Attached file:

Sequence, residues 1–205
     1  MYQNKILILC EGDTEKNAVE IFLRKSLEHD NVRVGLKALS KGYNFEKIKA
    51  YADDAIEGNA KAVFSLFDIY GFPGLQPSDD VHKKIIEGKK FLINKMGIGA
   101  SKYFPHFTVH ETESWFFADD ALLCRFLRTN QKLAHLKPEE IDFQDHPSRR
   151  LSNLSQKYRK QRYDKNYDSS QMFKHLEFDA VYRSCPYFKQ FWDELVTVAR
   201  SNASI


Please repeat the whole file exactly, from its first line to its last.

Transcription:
Sequence, residues 1–205
     1  MYQNKILILC EGDTEKNAVE IFLRKSLEHD NVRVGLKALS KGYNFEKIKA
    51  YADDAIEGNA KAVFSLFDIY GFPGLQPSDD VHKKIIEGKK FLINKMGIGA
   101  SKYFPHFTVH ETESWFFADD ALLCRFLRTN QKLAHLKPEE IDFQDHPSRR
   151  LSNLSQKYRK QRYDKNYDSS QMFKHLEFDA VYRSCPYFKQ FWDELVTVAR
   201  SNASI